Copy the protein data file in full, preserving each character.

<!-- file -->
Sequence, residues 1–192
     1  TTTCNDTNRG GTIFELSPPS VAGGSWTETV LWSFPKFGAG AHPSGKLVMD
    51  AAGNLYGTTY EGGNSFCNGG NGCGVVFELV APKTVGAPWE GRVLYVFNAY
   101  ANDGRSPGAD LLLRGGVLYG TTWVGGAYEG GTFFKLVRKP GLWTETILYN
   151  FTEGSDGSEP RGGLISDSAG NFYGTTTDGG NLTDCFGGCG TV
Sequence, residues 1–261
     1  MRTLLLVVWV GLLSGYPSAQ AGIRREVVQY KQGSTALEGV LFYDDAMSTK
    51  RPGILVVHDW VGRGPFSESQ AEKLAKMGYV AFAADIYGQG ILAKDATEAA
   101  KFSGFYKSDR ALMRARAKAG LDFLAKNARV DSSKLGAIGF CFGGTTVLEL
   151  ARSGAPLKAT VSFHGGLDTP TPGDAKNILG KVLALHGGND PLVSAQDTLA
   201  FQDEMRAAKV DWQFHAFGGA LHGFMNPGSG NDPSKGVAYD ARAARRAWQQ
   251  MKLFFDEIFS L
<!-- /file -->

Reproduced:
Sequence, residues 1–192
     1  TTTCNDTNRG GTIFELSPPS VAGGSWTETV LWSFPKFGAG AHPSGKLVMD
    51  AAGNLYGTTY EGGNSFCNGG NGCGVVFELV APKTVGAPWE GRVLYVFNAY
   101  ANDGRSPGAD LLLRGGVLYG TTWVGGAYEG GTFFKLVRKP GLWTETILYN
   151  FTEGSDGSEP RGGLISDSAG NFYGTTTDGG NLTDCFGGCG TV
Sequence, residues 1–261
     1  MRTLLLVVWV GLLSGYPSAQ AGIRREVVQY KQGSTALEGV LFYDDAMSTK
    51  RPGILVVHDW VGRGPFSESQ AEKLAKMGYV AFAADIYGQG ILAKDATEAA
   101  KFSGFYKSDR ALMRARAKAG LDFLAKNARV DSSKLGAIGF CFGGTTVLEL
   151  ARSGAPLKAT VSFHGGLDTP TPGDAKNILG KVLALHGGND PLVSAQDTLA
   201  FQDEMRAAKV DWQFHAFGGA LHGFMNPGSG NDPSKGVAYD ARAARRAWQQ
   251  MKLFFDEIFS L